Yes, these floods are another beating for people here. If you include the cyclone and the coronavirus lockdown, that is devastating for communities. 

The lockdown was announced in the evening at 8pm on 24 March, with four hours notice before it began. So the next morning work stopped, transport stopped – many people were left stranded. Families couldn’t pay their rent and had to leave their homes. 

It was just a devastating scene to see people on the streets. And then, soon after this, the cyclone and floods hit. It was just an absolute disaster. 

With all this tragedy, how does this make you feel as you lead Tearfund’s work in India today?

In the 24 years that I've worked for Tearfund, I've seen a lot of disasters. I have seen earthquakes. I have seen cyclones. I have seen floods, and I have even seen tsunamis. These happen and communities gradually start recovering. But this one is an utter onslaught. 

We’ve worked hard to build resilience in communities, so people are ready to face disasters. But all the change we’ve seen and believed in is now completely at risk of being destroyed. 

The sense of wellbeing in communities is now gradually decreasing. And I think that is when bad things happen. 

Many people have been forced to take out loans from ‘loan sharks’. This is dark because these ‘sharks’ dominate these communities, holding them down with high interest rates. It's a kind of structured slavery, where a father takes a loan and their children are paying it back for 20, 30 or 40 years because interest rates are so high.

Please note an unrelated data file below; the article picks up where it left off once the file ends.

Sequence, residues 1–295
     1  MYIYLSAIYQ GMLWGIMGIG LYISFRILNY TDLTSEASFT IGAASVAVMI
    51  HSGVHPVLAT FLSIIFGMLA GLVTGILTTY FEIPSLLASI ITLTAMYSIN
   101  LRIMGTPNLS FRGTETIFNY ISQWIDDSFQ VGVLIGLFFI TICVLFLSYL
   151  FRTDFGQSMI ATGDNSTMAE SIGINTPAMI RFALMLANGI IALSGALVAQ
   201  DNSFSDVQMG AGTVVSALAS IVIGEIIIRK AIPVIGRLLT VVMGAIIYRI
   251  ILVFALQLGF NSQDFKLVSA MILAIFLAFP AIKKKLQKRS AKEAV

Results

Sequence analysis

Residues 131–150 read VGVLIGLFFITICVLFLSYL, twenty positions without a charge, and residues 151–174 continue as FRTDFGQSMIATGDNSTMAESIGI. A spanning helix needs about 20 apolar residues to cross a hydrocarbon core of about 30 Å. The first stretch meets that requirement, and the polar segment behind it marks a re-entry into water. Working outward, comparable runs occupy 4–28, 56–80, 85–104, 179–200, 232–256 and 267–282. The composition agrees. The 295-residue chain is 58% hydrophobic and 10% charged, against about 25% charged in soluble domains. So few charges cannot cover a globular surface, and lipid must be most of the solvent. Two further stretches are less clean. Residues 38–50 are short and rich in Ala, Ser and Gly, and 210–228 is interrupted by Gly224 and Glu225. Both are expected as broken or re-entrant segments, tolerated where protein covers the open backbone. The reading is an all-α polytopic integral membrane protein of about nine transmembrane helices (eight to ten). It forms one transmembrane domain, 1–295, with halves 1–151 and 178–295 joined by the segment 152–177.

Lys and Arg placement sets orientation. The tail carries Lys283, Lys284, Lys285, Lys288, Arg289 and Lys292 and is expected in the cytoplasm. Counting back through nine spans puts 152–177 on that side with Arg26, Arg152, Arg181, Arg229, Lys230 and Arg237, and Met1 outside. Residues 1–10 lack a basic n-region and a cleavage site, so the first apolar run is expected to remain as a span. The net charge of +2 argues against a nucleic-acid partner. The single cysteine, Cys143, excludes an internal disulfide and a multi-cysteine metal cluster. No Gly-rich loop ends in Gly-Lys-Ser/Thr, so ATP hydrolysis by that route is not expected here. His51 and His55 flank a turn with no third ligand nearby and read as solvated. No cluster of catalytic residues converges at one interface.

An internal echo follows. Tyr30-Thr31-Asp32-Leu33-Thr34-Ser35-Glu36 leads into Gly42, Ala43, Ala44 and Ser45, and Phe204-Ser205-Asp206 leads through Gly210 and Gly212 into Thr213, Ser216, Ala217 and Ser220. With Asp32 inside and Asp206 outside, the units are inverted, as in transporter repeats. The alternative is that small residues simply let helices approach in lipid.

And there are more cases of human trafficking, particularly of children. When communities have nothing left, their children become a commodity to sell. This is so dark, so hard to believe that a father and mother would let their child go with a trafficker at something like £20 or £30. 

Where do you think God is in all this?

I have been asking that question myself: ‘Lord, are you in this? I thought you were giving us such wonderful success and we were seeing that in all our work.’

So one of the lessons I've learned is this: while we may try and feel that things are successful, the world is such a changing place. And the brokenness of humanity continues to hit us hard – the consequences of all that has been done to the environment that we live in. 

As a person who believes in the Lord as my Saviour and God as sovereign over all things – nothing happens without his permission – I know the Lord is always with us and continues to provide for us. 

Yes, we have seen devastation. Every good thing that was done is breaking down. But at the same time I know a sense of hope that undergirds me – a hope that holds me. My hope and my resilience is in the strength of the Lord. And that is not going to change.

I know my Lord reigns and I will continue to do what he has called me and my team to do. The Lord doesn't change even though I don't see an end to these challenges at the moment. 

What can Tearfund supporters do to help Tearfund’s work in India?

Please pray for us, more than anything else. You've been gracious with your resources but please be generous with your prayers because if anything will change the scenario it is your prayers. 

We are called to stand in the gap. Not just as doers but also as the ones who God has blessed. So please join with us in standing in that gap and pray not just for us but for communities everywhere. 

Secondly, pray that Tearfund and our partner organisations can help people to bounce back from all these crises, and that a community spirit will be restored.

Finally, pray that we don't lose hope. Pray that my team doesn't lose hope, because we're not seeing positive results at the moment.

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Written by  Tearfund